Market cap, short for market capitalisation, is the total value of all mined coins in circulation. It can be calculated by multiplying the current price of a specific coin or token with the total number of that specific coin currently in circulation.
A market cap provides investors with a great indication of how stable that coin is likely to be. While cryptocurrencies are volatile by nature, those coins with bigger market caps offer more stability to investors. Large-cap cryptocurrencies usually have a value higher than $10 billion, while small-cap cryptocurrencies usually have a value below $1 billion.
Mid-cap cryptocurrencies have market caps that range from $1 billion up to $10 billion and attract investors with their untapped potential. These cryptocurrencies are well established and are steadily expanding with an expectation of swift future growth.
Why should you consider market capitalisation before buying crypto?
Market capitalisation gives investors a very good indication of how stable their investment is likely to be. It provides an all-inclusive view of the crypto market when you want to compare value from a range of cryptocurrencies.
Typically, coins with large market caps have more stability and easily attract investors. For those people who are looking towards long-term investments, small-cap cryptocurrencies should be avoided as they are susceptible to volatile market swings that could leave your investment in tatters. Mid cap cryptocurrencies offer an element of stability with fantastic potential to improve.
By using market cap as a reference, investors can get detailed comparisons about the value of various cryptocurrencies in circulation in order to make more informed investment decisions.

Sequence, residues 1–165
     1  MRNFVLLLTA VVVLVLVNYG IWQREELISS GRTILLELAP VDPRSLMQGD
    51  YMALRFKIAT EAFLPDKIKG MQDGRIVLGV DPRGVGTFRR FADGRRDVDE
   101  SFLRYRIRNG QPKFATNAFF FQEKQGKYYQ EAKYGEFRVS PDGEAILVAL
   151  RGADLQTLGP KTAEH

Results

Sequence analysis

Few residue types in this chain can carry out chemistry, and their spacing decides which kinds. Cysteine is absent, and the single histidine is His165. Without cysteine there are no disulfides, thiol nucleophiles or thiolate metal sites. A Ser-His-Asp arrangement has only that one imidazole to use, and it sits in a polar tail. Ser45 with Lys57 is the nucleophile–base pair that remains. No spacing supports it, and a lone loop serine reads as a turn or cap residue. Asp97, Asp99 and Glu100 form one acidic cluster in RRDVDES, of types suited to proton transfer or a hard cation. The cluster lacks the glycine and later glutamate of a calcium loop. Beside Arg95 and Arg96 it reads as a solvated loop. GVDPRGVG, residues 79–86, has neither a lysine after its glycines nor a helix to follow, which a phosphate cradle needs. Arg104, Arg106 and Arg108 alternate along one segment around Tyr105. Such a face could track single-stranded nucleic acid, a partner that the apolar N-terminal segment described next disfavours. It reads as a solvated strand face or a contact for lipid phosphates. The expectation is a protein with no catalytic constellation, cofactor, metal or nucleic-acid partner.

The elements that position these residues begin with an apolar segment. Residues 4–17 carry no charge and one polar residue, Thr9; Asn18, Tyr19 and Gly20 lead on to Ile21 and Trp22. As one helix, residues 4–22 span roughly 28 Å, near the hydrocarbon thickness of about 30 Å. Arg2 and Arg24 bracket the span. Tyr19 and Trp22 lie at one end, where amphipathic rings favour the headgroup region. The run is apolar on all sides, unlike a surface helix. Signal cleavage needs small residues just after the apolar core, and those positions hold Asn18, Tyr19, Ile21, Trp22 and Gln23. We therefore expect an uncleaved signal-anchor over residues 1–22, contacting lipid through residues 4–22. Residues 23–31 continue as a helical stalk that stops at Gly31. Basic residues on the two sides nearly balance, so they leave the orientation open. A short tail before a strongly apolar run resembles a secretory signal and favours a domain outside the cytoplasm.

What is a mid-cap cryptocurrency?
Mid-cap cryptocurrencies can be described as a sweet spot for investors as they have proven their value over a sustained period and still offer plenty of opportunities for growth. Although still volatile by nature, they do have enormous potential with an element of controlled risk – the perfect combination for a smart investment.
Mid-cap cryptocurrencies are more volatile than large-cap cryptocurrencies and carry a higher risk of investment. It can be said that coins classified as mid caps are in the stage of increasing their utility and are on a steady upward trajectory towards reaching their true potential.
Due to these dynamics, mid cap coins offer a higher growth potential than the more established large-cap coins. In an overall sense, mid-cap coins usually perform well over the long term and are a great option for those investors who want to diversify their portfolio.
Top 3 mid-cap cryptocurrencies for 2021
The top 3 mid-cap coins for 2021 are currently Polygon, Solana, and Stellar.
Polygon takes first place and has a market cap of just above $10.2 billion, down 16.93% from the last week. Its unit price is an attractive $1.63. Solana is firmly in second place with a market cap sitting at just over $10 billion, up approximately 17.90% from the last week. Its unit price is hovering around $37.10 at the time of writing. Stellar is in third place with a market cap of just over $8.9 billion, down approximately 3.42% from the last week. Its unit price is sitting around $0.38 at the time of writing, pipping VeChain and Ethereum Classic to third place and fractionally down 3.6% from the last week.
Overview of Total Market Cap
At the time of writing, the total crypto market cap is sitting at $1.78 trillion; a rise of 6.59% from the previous 24 hours with Bitcoin, Ethereum and Binance Coin leading the pack up top.
For those people who are looking to invest in cryptocurrencies, it is wise to consider the top 3 mid-cap cryptocurrencies due to their established profiles and incredible potential for growth. For those who want to diversify their investment portfolio, mid-caps should surely feature on their list. Make sure to use established platforms like Wisly to track and analyse your mid-cap investments, and maximise your performance. Good Luck!
Any data, text or other content on this page is provided as general market information and not as investment advice. Past performance is not necessarily an indicator of future results.